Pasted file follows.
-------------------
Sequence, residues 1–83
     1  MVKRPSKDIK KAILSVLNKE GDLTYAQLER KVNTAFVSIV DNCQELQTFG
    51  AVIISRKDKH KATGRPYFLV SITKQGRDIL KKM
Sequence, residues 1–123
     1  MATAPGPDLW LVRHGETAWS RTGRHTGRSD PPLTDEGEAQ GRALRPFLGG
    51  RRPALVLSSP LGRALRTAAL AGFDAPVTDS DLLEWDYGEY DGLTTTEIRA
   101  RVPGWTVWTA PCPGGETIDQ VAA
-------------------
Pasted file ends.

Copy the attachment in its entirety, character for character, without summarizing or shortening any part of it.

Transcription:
Sequence, residues 1–83
     1  MVKRPSKDIK KAILSVLNKE GDLTYAQLER KVNTAFVSIV DNCQELQTFG
    51  AVIISRKDKH KATGRPYFLV SITKQGRDIL KKM
Sequence, residues 1–123
     1  MATAPGPDLW LVRHGETAWS RTGRHTGRSD PPLTDEGEAQ GRALRPFLGG
    51  RRPALVLSSP LGRALRTAAL AGFDAPVTDS DLLEWDYGEY DGLTTTEIRA
   101  RVPGWTVWTA PCPGGETIDQ VAA